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Long Island is fishing quite well. Montauk, especially, is seeing some great fishing. We are approaching the Full Moon which should kick things into overdrive. There is a lot of bait in and around Montauk at the moment. All manner of bait such as Butterfish, Spearing, Bunker, Sandeels, and Silversides are being harassed by a wide verity of fish at the moment. This is creating some great fly fishing opportunities with a lot of different species accessible. There are still plenty of Harbor Blues and Schoolie Stripers around. Early in the morning look for showers of smaller bait and birds working the fray. This will more than likely be smaller Stripers and Blues. There are Bonito off of Montauk as well. They are being caught fairly constantly and can be mixed in with the Blues and Stripers. Take the time to investigate all bait balls you come across. Casting along the edges and way outside of the main bait ball will often result in a Bonito. The larger Bonito seem to hang on the outside as well so always lob a cast way to the outside of the blitz. Spanish Mackerel are also around. They are typically hanging out with Bonito and Harbor Blues. Granted this is a long shot, if you are looking to get the Slam or have never caught one; try a full sinking line. Spanish Mackerel have a tendency to stay down deeper and can be much more selective. Try a fly that is as close to the forage as possible and let that fly get down deep. If the fly does not get intercepted on the way down you have a much better shot at hooking one of these Macks. Big Blues are still being found in good numbers on Bunker Schools. Keep an eye peeled and have that 10 weight ready.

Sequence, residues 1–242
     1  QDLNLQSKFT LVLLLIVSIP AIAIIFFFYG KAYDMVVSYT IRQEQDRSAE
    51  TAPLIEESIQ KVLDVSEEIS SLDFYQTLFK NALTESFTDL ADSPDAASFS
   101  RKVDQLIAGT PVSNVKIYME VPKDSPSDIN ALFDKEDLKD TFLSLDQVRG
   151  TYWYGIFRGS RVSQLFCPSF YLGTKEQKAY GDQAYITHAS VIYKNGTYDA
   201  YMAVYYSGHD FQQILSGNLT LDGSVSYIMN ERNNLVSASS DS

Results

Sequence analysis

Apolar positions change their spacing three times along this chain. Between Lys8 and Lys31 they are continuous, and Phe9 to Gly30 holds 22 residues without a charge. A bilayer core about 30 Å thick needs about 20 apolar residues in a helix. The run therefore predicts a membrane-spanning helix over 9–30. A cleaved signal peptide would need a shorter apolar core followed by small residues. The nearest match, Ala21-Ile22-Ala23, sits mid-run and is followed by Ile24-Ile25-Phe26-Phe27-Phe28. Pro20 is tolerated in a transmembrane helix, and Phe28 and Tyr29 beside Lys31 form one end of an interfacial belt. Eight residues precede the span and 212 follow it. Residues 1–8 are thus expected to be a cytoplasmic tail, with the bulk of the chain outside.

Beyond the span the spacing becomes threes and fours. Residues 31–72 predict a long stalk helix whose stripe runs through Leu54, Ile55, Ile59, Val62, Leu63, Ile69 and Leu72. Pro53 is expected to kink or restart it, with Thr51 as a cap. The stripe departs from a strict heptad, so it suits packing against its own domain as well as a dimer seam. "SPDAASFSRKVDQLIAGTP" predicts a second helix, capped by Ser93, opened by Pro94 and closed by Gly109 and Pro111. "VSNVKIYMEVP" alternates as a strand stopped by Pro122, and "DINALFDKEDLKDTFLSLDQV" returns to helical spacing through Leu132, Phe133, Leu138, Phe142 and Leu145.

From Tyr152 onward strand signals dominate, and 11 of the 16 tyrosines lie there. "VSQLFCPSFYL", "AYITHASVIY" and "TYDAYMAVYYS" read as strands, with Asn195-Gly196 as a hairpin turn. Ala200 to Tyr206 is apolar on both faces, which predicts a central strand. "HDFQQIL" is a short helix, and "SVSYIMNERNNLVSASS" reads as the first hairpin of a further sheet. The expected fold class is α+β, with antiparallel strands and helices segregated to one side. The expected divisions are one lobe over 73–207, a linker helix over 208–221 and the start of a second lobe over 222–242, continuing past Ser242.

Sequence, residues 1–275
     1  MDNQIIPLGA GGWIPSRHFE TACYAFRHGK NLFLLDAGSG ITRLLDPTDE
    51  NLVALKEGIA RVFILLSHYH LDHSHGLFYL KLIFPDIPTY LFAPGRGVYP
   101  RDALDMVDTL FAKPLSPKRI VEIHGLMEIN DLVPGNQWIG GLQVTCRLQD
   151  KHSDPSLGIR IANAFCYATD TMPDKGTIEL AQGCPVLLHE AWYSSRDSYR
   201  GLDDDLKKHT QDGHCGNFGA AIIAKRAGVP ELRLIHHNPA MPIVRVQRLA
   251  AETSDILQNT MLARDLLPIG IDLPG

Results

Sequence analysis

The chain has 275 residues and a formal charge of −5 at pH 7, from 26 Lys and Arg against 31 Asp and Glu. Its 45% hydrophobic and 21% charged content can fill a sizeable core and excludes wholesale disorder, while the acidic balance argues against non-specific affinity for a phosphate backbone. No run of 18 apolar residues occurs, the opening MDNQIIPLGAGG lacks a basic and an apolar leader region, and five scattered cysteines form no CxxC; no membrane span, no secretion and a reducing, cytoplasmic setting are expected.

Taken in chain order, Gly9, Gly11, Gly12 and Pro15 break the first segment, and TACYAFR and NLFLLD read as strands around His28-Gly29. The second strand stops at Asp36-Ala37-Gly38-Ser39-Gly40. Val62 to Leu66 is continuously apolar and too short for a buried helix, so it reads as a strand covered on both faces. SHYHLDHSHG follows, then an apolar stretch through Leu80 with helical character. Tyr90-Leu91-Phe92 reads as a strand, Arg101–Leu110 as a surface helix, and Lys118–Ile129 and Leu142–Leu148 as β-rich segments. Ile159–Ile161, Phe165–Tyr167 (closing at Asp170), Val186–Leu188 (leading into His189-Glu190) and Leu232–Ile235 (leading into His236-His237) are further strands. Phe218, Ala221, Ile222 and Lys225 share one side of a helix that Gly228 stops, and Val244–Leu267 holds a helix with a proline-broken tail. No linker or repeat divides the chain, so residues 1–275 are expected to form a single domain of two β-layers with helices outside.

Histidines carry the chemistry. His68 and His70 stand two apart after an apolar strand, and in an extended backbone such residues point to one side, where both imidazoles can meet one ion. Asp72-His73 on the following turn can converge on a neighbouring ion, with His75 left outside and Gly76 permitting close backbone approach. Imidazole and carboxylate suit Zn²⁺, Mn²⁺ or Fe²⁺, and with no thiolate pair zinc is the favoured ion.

The Farmington is low, clear, and technical. The water level has been below 200 CFS for over a week now and the fish have responded accordingly. Word from the river is that there is work being done on the dam. This has not been confirmed but if that is the case, that could be why we are seeing the low releases recently. The water has dropped to 85 CFS at the dam. That coupled with very little substantial precipitation is making things a bit tougher on the Farmington. The low water presents an opportunity however. Any deeper hole will hold fish and expect to find fish up in that faster stuff looking for oxygen. It is typically a bit easier to find fish when the water is low. If anglers fish responsibly, making sure the fish are brought in quickly and returned to the water immediately; the fishing can be quite good. We want to stress how important it is to get those fish back quickly. Water temperatures on August 18thin Riverton peaked at 69 degrees mid-day according to the gauge. Now, take this with a grain of salt. Who knows how good these temp gauges are. If this is accurate however, that is at the upper threshold for trout. It is better to be safe than sorry. Please be cognizant of water temps and get your fish back in the water as soon as possible. Especially on those warmer and sunny days. With that out of the way, it is all about small bugs. Tricos, BWOs, and Midges are taking the majority of the fish. One of our customers went out this past weekend and caught over 20 fish all on dries. He reported that nymphing was essentially unproductive and small dries were they key. Dropping down to 6 or 7x and fishing 20s and 22s in a variety of patterns proved to be the most effective method. That is what we are hearing from a lot of anglers as well. Subsurface presentations seem to be less and less effective (with the exception of soft hackles). That does not mean nymphing won’t take fish but it seems that early in the morning is really the best nymphing window. After 10 or 11 it may be time to switch to dries or swing wets. It has been tougher conditions recently though. It is really low and until conditions change expect to work hard for fish. Keep an eye on those gauges. When the water bumps back up to 300 or better hopefully fishing will pick back up too.